After Delaware became the 36th state to ratify The Sixteenth Amendment to the United States Constitution today in 1913, the government began to impose and collect income tax. Now WE know em

The Sixteenth Amendment in the National Archives

The Sixteenth Amendment in the National Archives

On June 16, 1909, President William Howard Taft, in an address to Congress, proposed a two percent federal income tax on corporations by way of an excise tax and a constitutional amendment to allow the previously enacted income tax:

Upon the privilege of doing business as an artificial entity and of freedom from a general partnership liability enjoyed by those who own the stock.

An income tax amendment to the Constitution was then proposed by Senator Norris Brown of Nebraska.

He submitted two proposals, Senate Resolutions Nos. 25 and 39.

The amendment proposal finally accepted was Senate Joint Resolution No. 40, introduced by Senator Nelson W. Aldrich of Rhode Island, the Senate majority leader and Finance Committee Chairman.

Then on July 12, 1909, the resolution proposing the Sixteenth Amendment was passed by the Sixty-first Congress and was submitted to the state legislatures.

 

Sixteenth Amendment (Amendment XVI)

The Congress shall have power to lay and collect taxes on incomes, from whatever source derived, without apportionment among the several States, and without regard to any census or enumeration.

 

Support for the income tax was strongest in the western and southern states and opposition was strongest in the northeastern states.

Supporters of the income tax believed that it would be a much better method of gathering revenue than tariffs, which were the primary source of revenue at the time.

From well before 1894, Democrats, Progressives, Populists and other left-oriented parties argued that tariffs disproportionately affected the poor, interfered with prices, were unpredictable, and were an intrinsically limited source of revenue.

The South and the West tended to support income taxes because their residents were generally less prosperous, more agricultural and more sensitive to fluctuations in commodity prices.

A sharp rise in the cost of living between 1897 and 1913 greatly increased support for the idea of income taxes, including in the urban Northeast.

A growing number of Republicans also began supporting the idea, notably Theodore Roosevelt and the “Insurgent” Republicans (who would go on to form the Progressive Party).

These Republicans were driven mainly by a fear of the increasingly large and sophisticated military forces of Japan, Britain and the European powers, their own imperial ambitions and the perceived need to defend American merchant ships.

Moreover, these progressive Republicans were, as the name suggests, convinced that central governments could play a positive role in national economies.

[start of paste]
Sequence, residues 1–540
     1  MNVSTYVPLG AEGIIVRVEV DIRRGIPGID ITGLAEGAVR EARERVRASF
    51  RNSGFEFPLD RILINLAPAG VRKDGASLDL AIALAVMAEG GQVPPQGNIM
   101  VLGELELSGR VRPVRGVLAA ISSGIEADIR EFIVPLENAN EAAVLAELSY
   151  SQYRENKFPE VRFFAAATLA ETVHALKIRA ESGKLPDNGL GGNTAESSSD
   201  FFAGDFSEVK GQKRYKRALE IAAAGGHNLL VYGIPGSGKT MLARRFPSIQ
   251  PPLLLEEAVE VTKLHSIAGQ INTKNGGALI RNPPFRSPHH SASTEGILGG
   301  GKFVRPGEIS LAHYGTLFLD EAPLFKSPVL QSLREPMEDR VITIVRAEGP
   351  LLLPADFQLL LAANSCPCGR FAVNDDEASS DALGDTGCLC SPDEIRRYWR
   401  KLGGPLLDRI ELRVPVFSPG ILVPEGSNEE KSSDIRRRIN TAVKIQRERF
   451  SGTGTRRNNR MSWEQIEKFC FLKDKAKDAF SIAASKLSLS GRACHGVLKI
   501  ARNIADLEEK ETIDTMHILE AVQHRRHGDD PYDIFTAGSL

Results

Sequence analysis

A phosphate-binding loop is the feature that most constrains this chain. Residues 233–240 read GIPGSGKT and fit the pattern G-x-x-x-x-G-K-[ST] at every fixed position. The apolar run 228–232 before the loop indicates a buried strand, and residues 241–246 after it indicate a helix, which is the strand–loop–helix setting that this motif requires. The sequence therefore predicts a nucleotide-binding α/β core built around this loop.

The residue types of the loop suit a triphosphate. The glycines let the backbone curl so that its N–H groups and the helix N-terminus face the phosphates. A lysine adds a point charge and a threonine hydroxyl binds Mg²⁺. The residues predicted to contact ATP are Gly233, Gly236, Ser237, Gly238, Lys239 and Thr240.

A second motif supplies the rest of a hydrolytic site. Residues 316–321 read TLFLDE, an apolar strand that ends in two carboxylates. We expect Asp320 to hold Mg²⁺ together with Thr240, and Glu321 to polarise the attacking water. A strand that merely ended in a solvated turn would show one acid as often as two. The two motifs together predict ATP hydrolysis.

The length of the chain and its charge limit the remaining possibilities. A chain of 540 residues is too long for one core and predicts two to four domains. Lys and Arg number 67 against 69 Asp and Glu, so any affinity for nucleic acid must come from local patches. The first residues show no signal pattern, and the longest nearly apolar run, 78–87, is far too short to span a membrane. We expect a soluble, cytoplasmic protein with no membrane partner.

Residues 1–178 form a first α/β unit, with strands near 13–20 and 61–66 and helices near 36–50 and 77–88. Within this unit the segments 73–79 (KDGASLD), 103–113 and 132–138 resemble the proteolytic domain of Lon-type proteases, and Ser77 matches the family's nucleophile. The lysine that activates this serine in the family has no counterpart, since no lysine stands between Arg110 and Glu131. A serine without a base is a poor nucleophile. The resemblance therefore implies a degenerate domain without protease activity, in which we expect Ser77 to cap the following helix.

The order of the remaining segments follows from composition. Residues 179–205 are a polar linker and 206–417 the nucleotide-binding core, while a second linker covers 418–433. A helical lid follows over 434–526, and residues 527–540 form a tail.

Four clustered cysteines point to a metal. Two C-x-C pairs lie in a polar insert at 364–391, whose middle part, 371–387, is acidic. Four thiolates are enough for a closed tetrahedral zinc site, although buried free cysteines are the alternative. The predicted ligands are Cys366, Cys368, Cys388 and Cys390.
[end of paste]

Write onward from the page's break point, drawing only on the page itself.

A bigger government and a bigger military, of course, required a correspondingly larger and steadier source of revenue to support it.

Opposition to the Sixteenth Amendment was led by establishment Republicans because of their close ties to wealthy industrialists, although not even they were uniformly opposed to the general idea of a permanent income tax.

Between 1909 and 1913, several conditions favored passage of the Sixteenth Amendment. Inflation was high and many blamed federal tariffs for the rising prices. The Republican Party was divided and weakened by the loss of Roosevelt and the Insurgents who joined the Progressive party, a problem that blunted opposition even in the Northeast.

United States presidential election of 1912

The United States presidential election of 1912 was the 32nd presidential election, held on Tuesday, November 5, 1912. The election was a rare four-way contest.

Incumbent President William Howard Taft was renominated by the Republican Party with the support of its conservative wing. After former President Theodore Roosevelt failed to receive the Republican nomination, he called his own convention and created the Progressive Party (nicknamed the “Bull Moose Party”). It nominated Roosevelt and ran candidates for other offices in major states.

Democrat Woodrow Wilson was finally nominated on the 46th ballot of a contentious convention, thanks to the support of William Jennings Bryan, the three-time Democratic presidential candidate who still had a large and loyal following in 1912. Eugene V. Debs, running for a fourth time, was the nominee of the Socialist Party of America.

Three of the four candidates were advocates for a federal income tax.

Woodrow Wilson won the election, gaining a large majority in the Electoral College and winning 42% of the popular vote, while Roosevelt won 27%, Taft 23% and Debs 6%. Wilson became the only elected president from the Democratic Party between 1892 and 1932, and the second of only two Democrats to be elected president between 1860 and 1932. This was the last election in which a candidate who was not a Republican or Democrat came second in either the popular vote or the Electoral College, and the first election in which all 48 states of the contiguous United States participated.

After the presidential election, but before Woodrow Wilson was sworn in, West Virginia ratified the Sixteenth Amendment on January 31, 1913, followed by Delaware on February 3, 1913.

Immediately after Delaware ratified the Sixteenth Amendment, Secretary of State Philander Knox proclaimed that the amendment had been ratified by three-fourths of the states and so had become part of the Constitution.

The Revenue Act of 1913 was enacted shortly thereafter.

Now WE know em

 

 

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